“I must have seen someone else and mistook them for him.” The fake witness stammered. A few people grabbed him and shove him into the crowd, who kept pushing until the guy was outside the ring of people. A few more told the cop what they saw, and their words matched what Greg and I and the lady had seen.

The cop turned to the old man, who was leaning against a Ford Fairlane that was acting as a pedestal for the old guy’s Olds. The cop asked the man how it all happened but the man, looking at the ground, didn’t reply. “Sir?” asked the policeman, “can you tell me what happened?” Again there was no response. The cop reached out and took hold of the man’s arm, asking if he was alright. At the touch, the man’s knees folded and he fell into a sitting position, still leaning on the Ford. The policeman reached out for the man’s wrist and took his pulse, looked closely at the man’s face, and then reached up and closed the old man’s eyes. Apparently he’d had a stroke and then a heart attack, or some sequence like that. That would explain his bizarre driving and the fact he was now dead.

The cop started asking who saw the events and had them stand in a little group in the shade of the building. Neither Greg or I indicated we were witnesses. Enough people had seen what happened and so we really didn’t have anything to add. We also didn’t feel like being held around for a statement, especially when it wasn’t necessary. The cop told the group that if they didn’t have a statement to make to please go about their business and so we hopped in the Renault and left.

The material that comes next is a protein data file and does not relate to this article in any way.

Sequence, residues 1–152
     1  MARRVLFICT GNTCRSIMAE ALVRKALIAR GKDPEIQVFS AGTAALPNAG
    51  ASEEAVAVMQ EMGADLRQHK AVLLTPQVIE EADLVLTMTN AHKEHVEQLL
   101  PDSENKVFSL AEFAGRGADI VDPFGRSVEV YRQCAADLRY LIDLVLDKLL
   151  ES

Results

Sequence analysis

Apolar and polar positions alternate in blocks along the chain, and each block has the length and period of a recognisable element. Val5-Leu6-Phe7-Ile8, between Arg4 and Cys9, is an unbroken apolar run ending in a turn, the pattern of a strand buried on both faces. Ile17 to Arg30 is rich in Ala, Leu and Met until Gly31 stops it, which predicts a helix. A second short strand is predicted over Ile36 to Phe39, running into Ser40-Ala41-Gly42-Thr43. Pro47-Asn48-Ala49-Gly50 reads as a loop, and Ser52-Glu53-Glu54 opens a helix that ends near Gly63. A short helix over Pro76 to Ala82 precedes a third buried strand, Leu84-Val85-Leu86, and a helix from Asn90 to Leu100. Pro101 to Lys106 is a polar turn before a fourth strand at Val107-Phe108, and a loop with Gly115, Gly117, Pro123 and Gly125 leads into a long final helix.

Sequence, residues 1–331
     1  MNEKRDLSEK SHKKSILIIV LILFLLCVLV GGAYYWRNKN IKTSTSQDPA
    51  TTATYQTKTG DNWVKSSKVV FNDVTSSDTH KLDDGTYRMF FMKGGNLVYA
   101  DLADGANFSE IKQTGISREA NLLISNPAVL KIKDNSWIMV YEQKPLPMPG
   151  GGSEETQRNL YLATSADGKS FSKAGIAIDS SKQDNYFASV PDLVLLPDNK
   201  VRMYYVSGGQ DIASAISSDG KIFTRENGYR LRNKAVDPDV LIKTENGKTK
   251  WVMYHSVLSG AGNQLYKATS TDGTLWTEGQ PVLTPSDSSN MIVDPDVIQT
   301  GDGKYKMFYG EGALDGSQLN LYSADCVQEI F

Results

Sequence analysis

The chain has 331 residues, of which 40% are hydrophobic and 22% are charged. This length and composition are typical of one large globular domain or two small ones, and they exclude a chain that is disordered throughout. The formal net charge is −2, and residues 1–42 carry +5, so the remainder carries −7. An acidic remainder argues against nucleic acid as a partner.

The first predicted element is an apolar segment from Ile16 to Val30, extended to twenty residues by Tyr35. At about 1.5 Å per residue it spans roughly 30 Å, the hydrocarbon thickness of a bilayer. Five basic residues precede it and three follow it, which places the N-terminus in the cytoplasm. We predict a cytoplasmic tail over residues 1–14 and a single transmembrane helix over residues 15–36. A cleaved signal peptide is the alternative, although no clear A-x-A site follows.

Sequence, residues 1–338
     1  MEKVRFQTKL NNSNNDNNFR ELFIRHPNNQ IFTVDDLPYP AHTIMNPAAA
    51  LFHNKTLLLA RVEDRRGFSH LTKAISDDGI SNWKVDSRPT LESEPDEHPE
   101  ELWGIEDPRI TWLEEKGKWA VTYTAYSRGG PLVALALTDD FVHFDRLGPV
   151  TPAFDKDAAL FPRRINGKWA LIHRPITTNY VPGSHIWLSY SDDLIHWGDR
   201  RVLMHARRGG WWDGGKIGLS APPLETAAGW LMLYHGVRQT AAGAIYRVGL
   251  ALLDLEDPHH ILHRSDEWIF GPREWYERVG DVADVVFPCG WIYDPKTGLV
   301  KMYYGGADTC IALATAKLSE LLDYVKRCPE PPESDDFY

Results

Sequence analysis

“What do you think were his last thoughts?” asked Greg as we cruised up Interstate Avenue on Portland’s north side. We were headed for the Portland – Vancouver drawbridge on I-5.

“I don’t know.” I answered. “Seems like he was out of it, you know, saying how he must have hit the gas instead of the brake. He might not have been aware of his surroundings or what a totally spectacular accident he had.”

“That was pretty amazing.” said Greg. “It’s like that Oldsmobile was trying to fly.”

“Yeah, trying to deliver the old guy right to the pearly gates.” I quipped.

“That’s a big boat of a car. I’m surprise he got it airborne. Twice no less.” Greg said with a bit of wonder in his voice. I took out a cigarette, lit it and nodded.

“Not the kind of accident you forget. It was really strange that he was dead standing up. I know that fall couldn’t have helped much. What was that, like a five foot drop?”

“About that, yeah.” replied Greg.

A week later we happened to be back at the bank, again cashing our paper route check. There was no sign that the accident had taken place, even the crack in the wall was fixed. The brick sported a brand new coat of paint. We’d been checking, but never saw any mention of the accident on TV or in the newspaper. A surprise, given the unusual nature of all of it. You’d think it would have at least deserved a mention.

We got our money and I stopped to divvy it up. “Pull over there.” said Greg, pointing to  parking lot corner.